Blanche is her own worst enemy. It is true that she had situations in life which left her to face desperate circumstances, to which she elected each of the outcomes.
When she found her husband in bed with another man, she pretended to shrug it off, and went out with BOTH that same night, as a way to mask her internal pain. Yet, she was no longer able to hold her contempt that same night, told her husband that he "disgusts her" and he went on and shot himself.
In this situation, Blanche was a victim, for this event follows her throughout the play, showing that it left her traumatized. However, no matter how we try to put the jigsaw of her life together, sleeping with her 17 year old student made no good case in her favor, no matter how love-starved she was.
When the family lost Belle Reeves, Blanche claims that she was the only one left to care for the plantation, and for her ailing family. Once list, she lived in a hotel in Laurel where, apparently, she did the same as as a prostitute: Sleep with men that would pay for her keep. She claims that these things led her to drink, and find some way to escape.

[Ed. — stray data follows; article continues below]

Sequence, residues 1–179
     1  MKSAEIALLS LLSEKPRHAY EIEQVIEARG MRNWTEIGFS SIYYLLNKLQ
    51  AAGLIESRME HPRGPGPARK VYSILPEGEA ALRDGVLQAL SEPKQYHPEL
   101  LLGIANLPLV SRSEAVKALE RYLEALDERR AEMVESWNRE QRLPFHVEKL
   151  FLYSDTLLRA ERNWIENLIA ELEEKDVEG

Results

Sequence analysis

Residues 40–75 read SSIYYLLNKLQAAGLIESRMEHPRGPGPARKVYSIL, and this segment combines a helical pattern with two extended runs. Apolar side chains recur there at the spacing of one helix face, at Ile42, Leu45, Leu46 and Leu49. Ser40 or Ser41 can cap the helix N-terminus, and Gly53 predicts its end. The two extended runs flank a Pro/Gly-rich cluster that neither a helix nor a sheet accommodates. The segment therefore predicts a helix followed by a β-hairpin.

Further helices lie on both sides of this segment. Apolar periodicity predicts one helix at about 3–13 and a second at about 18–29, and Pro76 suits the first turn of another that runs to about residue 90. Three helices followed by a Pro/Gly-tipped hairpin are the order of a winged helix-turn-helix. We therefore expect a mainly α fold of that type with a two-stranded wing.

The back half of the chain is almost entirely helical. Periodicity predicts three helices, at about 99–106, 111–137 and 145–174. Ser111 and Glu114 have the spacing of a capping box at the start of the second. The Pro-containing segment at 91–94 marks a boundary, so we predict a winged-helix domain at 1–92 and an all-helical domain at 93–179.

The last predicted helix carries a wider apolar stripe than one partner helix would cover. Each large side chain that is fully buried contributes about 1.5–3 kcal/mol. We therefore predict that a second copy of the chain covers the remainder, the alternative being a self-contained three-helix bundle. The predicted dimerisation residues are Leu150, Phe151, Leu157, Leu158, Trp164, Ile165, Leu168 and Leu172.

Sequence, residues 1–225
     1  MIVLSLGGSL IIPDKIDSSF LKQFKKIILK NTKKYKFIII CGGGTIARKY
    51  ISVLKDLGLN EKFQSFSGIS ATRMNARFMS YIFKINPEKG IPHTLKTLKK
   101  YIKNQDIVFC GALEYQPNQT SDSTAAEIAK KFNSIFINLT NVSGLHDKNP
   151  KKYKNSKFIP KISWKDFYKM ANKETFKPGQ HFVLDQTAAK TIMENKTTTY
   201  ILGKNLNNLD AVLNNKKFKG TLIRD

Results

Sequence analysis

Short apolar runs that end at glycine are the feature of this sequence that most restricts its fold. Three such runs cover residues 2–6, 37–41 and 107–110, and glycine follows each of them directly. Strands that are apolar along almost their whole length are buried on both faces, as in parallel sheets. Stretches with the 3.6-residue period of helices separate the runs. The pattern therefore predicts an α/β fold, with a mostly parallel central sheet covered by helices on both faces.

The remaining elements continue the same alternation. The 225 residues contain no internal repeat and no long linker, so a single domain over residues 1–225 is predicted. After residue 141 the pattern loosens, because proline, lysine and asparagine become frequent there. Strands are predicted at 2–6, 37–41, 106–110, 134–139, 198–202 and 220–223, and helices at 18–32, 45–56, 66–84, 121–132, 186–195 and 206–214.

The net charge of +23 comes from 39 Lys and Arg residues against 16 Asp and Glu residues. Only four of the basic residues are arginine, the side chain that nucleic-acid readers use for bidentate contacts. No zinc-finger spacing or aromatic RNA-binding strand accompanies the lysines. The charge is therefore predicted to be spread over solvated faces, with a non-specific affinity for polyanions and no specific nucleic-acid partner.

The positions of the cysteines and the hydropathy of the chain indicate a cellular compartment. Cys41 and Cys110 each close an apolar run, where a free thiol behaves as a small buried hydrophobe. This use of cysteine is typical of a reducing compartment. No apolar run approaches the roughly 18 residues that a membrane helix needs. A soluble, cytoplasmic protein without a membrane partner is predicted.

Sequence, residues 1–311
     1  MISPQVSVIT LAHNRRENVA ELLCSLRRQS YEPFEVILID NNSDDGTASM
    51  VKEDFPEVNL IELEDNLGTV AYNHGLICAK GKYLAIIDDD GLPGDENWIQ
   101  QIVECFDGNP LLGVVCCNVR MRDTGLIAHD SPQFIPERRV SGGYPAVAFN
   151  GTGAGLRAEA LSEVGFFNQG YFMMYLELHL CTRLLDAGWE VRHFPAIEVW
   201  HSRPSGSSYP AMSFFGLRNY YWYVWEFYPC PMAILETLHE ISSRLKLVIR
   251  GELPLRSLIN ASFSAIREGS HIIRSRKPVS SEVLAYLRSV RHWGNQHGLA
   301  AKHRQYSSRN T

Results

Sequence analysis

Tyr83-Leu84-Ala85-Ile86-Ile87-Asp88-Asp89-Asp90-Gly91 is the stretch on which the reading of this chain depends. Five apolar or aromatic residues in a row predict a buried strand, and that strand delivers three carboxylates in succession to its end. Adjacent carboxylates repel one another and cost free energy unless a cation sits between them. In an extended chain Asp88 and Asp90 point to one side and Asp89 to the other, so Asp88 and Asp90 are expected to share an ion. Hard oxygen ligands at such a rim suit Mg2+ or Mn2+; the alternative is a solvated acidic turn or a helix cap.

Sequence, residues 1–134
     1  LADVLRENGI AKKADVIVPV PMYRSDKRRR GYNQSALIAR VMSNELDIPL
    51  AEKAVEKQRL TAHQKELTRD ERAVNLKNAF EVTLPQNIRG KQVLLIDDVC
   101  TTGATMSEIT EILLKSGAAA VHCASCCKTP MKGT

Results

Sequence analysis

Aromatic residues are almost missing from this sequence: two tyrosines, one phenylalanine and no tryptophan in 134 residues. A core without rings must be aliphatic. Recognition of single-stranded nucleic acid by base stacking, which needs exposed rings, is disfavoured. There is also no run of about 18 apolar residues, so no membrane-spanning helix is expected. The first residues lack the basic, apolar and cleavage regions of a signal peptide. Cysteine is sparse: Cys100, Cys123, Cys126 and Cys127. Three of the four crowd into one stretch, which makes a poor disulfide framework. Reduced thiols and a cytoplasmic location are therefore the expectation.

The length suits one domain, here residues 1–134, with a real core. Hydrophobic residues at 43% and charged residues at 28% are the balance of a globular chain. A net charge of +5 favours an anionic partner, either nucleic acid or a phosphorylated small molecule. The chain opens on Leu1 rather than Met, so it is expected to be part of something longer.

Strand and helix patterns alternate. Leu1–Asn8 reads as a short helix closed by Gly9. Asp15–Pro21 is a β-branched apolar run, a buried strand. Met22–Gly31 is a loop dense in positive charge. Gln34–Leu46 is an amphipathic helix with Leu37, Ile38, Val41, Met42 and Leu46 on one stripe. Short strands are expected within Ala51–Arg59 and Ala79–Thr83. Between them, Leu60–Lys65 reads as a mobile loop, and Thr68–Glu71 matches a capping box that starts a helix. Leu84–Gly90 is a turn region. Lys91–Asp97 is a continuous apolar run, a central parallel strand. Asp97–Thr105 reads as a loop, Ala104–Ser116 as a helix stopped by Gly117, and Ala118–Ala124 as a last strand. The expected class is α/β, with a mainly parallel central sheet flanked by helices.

Finally, she shows up at her sister's house to literally disturb her peace, impose herself, and stay under a cloud of lies of what really happened. What was her purpose of her visit, but to escape her shady activity and try to land herself someone to take her on?
In this, she is no victim. She had choices, and she made all the wrong ones. Hers is not a case of victimization, but one of really bad common sense. Blanche tends to place herself in a position of self importance, then blame others for her misfortunes. However, she always had a chance to turn her life around. She had an education, talent, charm, and she knew how to get what she wanted. She may have a case of post traumatic stress due to the death of her husband, but she also had a clear path towards starting over. She chose not to.